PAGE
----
As sea level rise and other climate-related issues continue to threaten our coastlines, geographic regions in Florida and across the world are gaining enhanced understanding of the benefit and importance of collaboration. Regional resiliency coalitions, collaboratives, and compacts have been formed to discuss complex issues, develop responses for resolving them, and build consensus for goals. In many coastal areas, there are several individual municipal jurisdictions along short stretches of contiguous coastline. I’ve written before about the importance of fully thinking through the ramifications of a project before following through. Unless these communities come together with a formalized and guided resilience plan, one community’s solution could be the next community’s newest concern.
Florida’s First Regional Compact
Regional climate resilience collaboration in Florida started over 10 years ago with the Southeast Florida Regional Climate Change Compact. The partnership between Southeast Florida counties formed when sea level rise effects made it clear that the region was going to need to be an early leader in facing climate change threats. Along with its objective of sharing regional climate change tools and knowledge, the Compact has increased public support and political will as a nonpartisan, credible source of information.
The Compact’s first Regional Climate Action Plan (RCAP) was published in 2012 and is updated every five years. Rather than dictating policy, which is still established by each local government, the RCAP provides a framework of best practices for emission reduction and resilience-building actions. The current version, RCAP 2.0, is an interactive tool available on the Compact’s website and allows stakeholders in the region to build customizable implementation plans based on their individual characteristics and needs.
Following South Florida’s lead, other coastal regions now have active collaborations, including the East Central Florida Regional Resilience Collaborative, the Southwest Florida Regional Resiliency Compact, and the Tampa Bay Regional Resiliency Coalition.
Tampa Bay Regional Resiliency Coalition
The Tampa Bay Regional Resiliency Coalition (TBRRC) was created in 2018. After a year spent with the Coalition Steering Committee, municipal coalition staff, and key partners to investigate resilience planning goals and initiatives from other cities and regions, the first major workshop for the Resiliency Regional Action Plan (RRAP) was held in January 2020.
The first test in resiliency was TBRRC’s response to development of the RRAP when the COVID pandemic began. In-person workshops and stakeholder gatherings were replaced by virtual half-day sessions, and small virtual breakout sessions allowed for live collaboration to provide comments on the conceptual chapters. These virtual workshops were attended by a variety of stakeholders including the local engineering community, several of whom serve as Coalition Partners.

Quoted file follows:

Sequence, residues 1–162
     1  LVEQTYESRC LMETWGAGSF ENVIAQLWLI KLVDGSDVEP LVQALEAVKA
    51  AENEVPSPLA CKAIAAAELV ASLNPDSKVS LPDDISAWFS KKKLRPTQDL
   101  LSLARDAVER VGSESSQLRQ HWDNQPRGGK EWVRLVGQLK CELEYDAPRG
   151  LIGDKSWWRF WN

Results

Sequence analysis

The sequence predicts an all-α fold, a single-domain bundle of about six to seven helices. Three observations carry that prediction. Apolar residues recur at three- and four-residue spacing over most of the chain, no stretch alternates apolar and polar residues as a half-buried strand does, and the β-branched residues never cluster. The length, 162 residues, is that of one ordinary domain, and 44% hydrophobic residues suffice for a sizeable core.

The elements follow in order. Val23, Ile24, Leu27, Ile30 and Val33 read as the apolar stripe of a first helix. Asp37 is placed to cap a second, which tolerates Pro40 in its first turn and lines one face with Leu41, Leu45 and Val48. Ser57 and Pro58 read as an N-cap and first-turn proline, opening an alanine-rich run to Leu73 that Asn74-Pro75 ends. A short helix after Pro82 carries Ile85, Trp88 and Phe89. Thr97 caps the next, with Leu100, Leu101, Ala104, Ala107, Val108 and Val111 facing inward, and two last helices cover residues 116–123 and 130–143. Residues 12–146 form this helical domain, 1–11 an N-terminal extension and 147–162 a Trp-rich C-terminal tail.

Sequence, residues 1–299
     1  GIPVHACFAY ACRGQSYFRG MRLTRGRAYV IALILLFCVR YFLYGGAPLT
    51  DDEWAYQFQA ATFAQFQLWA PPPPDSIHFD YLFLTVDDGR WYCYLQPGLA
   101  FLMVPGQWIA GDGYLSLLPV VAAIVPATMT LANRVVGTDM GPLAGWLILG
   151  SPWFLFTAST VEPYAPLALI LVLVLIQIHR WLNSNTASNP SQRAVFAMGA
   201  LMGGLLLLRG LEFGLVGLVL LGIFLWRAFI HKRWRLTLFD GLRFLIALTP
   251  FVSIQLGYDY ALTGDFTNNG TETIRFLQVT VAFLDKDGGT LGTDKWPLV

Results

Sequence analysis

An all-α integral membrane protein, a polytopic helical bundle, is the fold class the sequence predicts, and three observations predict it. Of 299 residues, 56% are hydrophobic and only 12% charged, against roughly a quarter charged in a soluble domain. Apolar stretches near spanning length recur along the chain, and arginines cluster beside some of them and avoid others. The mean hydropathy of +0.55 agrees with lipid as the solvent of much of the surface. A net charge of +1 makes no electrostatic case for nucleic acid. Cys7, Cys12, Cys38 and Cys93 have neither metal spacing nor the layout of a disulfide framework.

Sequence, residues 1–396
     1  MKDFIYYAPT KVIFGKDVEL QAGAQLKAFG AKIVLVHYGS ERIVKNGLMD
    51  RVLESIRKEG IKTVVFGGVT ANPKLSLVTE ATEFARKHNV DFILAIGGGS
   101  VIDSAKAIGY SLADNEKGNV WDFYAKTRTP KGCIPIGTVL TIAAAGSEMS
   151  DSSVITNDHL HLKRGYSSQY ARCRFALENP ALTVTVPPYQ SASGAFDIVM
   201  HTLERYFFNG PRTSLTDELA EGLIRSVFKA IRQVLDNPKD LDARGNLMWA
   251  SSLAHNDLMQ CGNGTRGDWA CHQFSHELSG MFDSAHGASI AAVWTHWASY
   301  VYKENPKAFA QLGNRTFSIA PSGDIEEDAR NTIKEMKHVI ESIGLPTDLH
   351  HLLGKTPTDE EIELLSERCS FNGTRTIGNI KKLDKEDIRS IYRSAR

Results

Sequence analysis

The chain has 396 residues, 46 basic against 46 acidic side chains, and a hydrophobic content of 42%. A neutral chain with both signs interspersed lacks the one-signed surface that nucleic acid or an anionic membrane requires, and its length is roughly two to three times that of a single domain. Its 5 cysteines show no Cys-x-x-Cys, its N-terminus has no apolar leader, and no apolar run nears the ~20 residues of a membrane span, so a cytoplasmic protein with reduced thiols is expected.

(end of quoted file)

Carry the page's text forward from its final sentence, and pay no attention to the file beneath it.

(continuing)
Engagement from a broad group of stakeholders was requested by TBRRC to “ensure the plan aligns with leading practices, is consistent with leading academic research, federal and agency goals, and supports the priorities of organizations serving the communities in the region.” The first draft of the RRAP was posted for review and comment in Spring 2021, and an updated draft is expected this summer.
As an enhancement to collaboration at the regional level, Senate Bill (SB) 1954, which was approved in Florida’s 2021 legislative session, requires that the Florida Department of Environmental Protection (FDEP) create a Statewide Flood Vulnerability and Sea Level Rise Data Set and Assessment. The data set and assessment are required to initially be completed by July 1, 2023, and then updated every five years.
One of the initial challenges identified by Florida communities was funding for resiliency studies and infrastructure hardening projects. As we’ve written about before, procuring and maintaining funding for infrastructure projects can be challenging, but is definitely worth it. While the importance of the work was never questioned, budgets, especially in smaller communities, typically did not plan for projects focused solely on increasing resilience. Funding programs were initially rolled out through the US Department of Urban Development’s (HUD) Community Development Block Grant (CDBG) program. In recent years, increased funding has appeared at the national and state levels for recovery, resilience planning, and infrastructure hardening projects.
In the most recent Florida legislative session, the word “resilient” appeared more times than ever before. SB1954 created a Resilient Florida Grant Program and requires FDEP to submit an annual Statewide Flooding and Sea Level Rise Resilience Plan starting December 1, 2021 that is expected to provide up to $100 million for projects that address sea level rise and flooding risks. Recognizing the importance of regional efforts, regional resilience entities are eligible for funding under this plan. SB2514 creates the Resilient Florida Trust Fund within FDEP as a funding source for the grant program and annual Statewide and Sea Level Rise Plan.